Brexit: What happens next? Likely outcomes from a crunch week in Parliament

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MPs decided over the weekend to withhold approval of Boris Johnson’s Brexit deal until after the necessary legislation, known as the Withdrawal Agreement Bill, is passed.

The passing of Sir Oliver Letwin’s carefully worded amendment, which forced the Prime Minister to ask the EU for an extension, rendered the first Saturday sitting in Parliament for nearly 40 years rather anti-climactic.

A girl sits on her father's shoulders as protesters march towards Parliament Square

A girl sits on her father's shoulders as protesters march towards Parliament Square

But it ushers in yet another critical week in the Brexit saga, which could see Mr Johnson in a race against time to force his deal over the line, or it could mean more weeks or even months of the debate continuing.

READ MORE: Nicola Sturgeon calls on EU to extend Brexit long enough for second referendum

Here’s a look at what might happen over the next few days.

Will MPs vote again on the PM’s deal?

Boris Johnson in the House of Commons

Boris Johnson in the House of Commons

Not likely. Downing Street said it would try once again to have a “meaningful vote” on its Brexit deal by presenting the motion to MPs later today. Number 10 is quietly confident it has the numbers to pass the deal and is eager to demonstrate to Brussels that it does not need an extension beyond 31 October.

But Speaker John Bercow is widely expected to deny the Government the chance to put its deal before the House again, as he will see it as putting the same question to the Commons for a second time. It is something he did back in March to Theresa May’s deal and is likely to do so again.

What does that mean for the legislation?

The Government will still have to present the Withdrawal Agreement Bill to the Commons if it wants Brexit to happen at all. The legislation is essentially an international treaty and MPs will be given time, as with any other bill, to debate what should and should not be in it. But deciding what should be in an international treaty usually takes time, something Mr Johnson does not have a lot of if he is to stay true to his Brexit promise.

READ MORE: Scottish court delays decision on Boris Johnson's Brexit tactics

It means the “programme motion” that will be tabled on Tuesday will be the first big vote as it will decide how long should be set aside to debate the bill. If MPs vote down or even amend the programme motion to beyond Halloween, it will be a setback for Mr Johnson.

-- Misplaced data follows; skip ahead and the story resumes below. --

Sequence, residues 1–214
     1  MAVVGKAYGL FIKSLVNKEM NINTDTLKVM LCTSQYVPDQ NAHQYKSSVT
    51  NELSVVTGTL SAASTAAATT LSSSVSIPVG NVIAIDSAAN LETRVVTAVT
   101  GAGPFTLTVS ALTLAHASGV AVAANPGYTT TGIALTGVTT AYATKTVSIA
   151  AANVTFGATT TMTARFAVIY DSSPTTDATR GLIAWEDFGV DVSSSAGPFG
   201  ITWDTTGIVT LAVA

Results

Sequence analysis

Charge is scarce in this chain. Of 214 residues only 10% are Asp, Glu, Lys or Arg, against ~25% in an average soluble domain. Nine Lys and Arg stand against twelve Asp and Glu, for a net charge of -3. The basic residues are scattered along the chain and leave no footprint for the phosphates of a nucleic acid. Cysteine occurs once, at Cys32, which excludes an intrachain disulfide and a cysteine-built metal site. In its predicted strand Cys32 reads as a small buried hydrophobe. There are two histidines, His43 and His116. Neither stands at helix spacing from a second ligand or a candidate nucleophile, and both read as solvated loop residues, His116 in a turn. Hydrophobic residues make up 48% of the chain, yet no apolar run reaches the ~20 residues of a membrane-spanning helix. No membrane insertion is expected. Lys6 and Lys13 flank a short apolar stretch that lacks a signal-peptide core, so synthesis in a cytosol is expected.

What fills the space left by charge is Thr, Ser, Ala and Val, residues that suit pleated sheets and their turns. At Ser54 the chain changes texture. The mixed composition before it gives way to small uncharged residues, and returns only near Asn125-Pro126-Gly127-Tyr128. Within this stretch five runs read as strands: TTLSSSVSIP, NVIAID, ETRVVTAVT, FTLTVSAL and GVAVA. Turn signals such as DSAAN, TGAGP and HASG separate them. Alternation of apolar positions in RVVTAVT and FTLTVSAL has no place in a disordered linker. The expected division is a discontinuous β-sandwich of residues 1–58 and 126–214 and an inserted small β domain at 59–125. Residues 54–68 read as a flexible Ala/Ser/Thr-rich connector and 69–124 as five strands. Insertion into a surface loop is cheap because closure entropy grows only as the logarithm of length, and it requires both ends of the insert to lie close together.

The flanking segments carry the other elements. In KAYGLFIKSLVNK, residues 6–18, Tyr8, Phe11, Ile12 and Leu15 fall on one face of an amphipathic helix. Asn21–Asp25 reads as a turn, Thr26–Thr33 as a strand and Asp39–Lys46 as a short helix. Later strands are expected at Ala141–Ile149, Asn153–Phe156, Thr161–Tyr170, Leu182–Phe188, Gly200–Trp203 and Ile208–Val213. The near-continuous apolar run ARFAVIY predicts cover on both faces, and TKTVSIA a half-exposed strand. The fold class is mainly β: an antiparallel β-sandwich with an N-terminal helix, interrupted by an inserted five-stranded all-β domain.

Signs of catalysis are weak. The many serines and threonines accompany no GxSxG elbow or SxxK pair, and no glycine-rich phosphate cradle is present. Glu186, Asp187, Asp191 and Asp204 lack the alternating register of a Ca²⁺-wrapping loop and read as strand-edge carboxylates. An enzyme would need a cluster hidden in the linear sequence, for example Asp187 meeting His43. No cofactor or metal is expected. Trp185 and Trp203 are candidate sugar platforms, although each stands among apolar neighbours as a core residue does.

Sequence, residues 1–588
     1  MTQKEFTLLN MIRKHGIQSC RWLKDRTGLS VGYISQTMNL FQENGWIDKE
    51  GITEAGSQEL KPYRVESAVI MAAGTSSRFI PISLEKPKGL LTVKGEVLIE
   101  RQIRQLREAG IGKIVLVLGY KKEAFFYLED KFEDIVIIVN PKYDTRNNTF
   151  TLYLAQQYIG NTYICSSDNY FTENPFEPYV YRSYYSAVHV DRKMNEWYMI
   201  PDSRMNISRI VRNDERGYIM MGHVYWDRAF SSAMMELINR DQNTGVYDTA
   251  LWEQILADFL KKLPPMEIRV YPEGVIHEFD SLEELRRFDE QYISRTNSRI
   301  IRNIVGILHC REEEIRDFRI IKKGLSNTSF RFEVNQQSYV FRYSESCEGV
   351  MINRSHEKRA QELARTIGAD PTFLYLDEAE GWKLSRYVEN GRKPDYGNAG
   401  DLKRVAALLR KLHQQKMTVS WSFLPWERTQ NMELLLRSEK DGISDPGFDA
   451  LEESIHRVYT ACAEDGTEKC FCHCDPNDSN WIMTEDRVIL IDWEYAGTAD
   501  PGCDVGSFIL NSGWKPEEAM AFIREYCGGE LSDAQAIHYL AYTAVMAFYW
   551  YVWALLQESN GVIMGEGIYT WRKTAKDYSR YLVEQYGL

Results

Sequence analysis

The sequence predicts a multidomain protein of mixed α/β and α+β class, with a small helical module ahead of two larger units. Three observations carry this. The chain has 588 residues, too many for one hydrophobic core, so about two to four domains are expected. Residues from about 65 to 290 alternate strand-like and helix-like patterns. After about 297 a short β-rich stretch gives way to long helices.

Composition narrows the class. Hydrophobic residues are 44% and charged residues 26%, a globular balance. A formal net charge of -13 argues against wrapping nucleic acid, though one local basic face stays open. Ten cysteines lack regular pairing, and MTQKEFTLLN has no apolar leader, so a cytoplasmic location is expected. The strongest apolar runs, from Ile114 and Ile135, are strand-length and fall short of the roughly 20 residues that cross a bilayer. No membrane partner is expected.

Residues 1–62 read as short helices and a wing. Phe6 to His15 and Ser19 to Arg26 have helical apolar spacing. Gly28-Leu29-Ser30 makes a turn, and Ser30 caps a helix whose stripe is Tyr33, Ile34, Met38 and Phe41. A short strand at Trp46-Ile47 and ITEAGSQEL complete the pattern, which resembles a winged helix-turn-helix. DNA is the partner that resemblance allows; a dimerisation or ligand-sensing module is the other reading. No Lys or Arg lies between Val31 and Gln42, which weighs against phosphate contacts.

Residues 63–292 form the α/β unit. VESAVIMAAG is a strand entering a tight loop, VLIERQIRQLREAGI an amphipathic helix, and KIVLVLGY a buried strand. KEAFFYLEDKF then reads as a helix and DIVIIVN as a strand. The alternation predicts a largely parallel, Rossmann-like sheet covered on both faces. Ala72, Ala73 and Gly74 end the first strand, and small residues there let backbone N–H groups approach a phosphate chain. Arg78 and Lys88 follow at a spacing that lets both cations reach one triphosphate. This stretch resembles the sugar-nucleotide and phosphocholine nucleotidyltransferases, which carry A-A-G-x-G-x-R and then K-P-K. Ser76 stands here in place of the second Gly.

When will MPs first vote on the Bill?

Tuesday will also see MPs have their first vote on the Withdrawal Agreement Bill when it appears for the second reading. It is at this point at the second reading vote that things could become very hairy for the government. MPs from across the House are expected to table a raft of amendments to try and reshape the bill more to their liking in what one MP described as being “guerrilla warfare”.

What kind of amendments will there be?

Labour has already said it is trying to garner support for an amendment that will keep the UK in a customs union with the EU. Shadow Brexit secretary Sir Keir Starmer made an open appeal to the DUP to back the plans, which it has yet to rule out.

The party sees preserving the Union as more of a priority than leaving the EU, and has been hugely critical of Mr Johnson’s deal. A previous indicative vote last March on remaining in the customs union only missed out by three votes, so there is every chance it could pass.

What about a second referendum?

There is also likely to be an attempt to demand the Brexit deal should be subject to a “confirmatory referendum” that would see the Brexit proposals put back to the people. However, there does not seem to be the support in the House for this as yet, if indeed there ever is.

What would the Government do if any of these amendments pass?

Should Parliament succeed in amending the legislation to keep the UK in a customs union, there is a strong possibility that Mr Johnson will simply pull the bill, rather than see what he and many hardline Brexiteers call “Brexit it name only”.

What would that mean for Brexit?

It would most likely mean more delay. The Prime Minister will be forced to accept any extension given by Brussels. It is expected that EU leaders will be monitoring what will happen in Parliament over the next couple of days before making a decision on how an extension to give to the UK.

There are suggestions that the EU could come back with a “flexible” extension that could mean three months (or more) being offered but that could be shortened if a Brexit deal is passed before then.

What is the most likely outcome?

It is not clear. The most obvious route for Mr Johnson would be to swallow the extension and push again for a general election. Should an extension be confirmed it will make it harder for Labour to refuse to hold a snap poll, despite misgivings about the party’s likely success among backbenchers.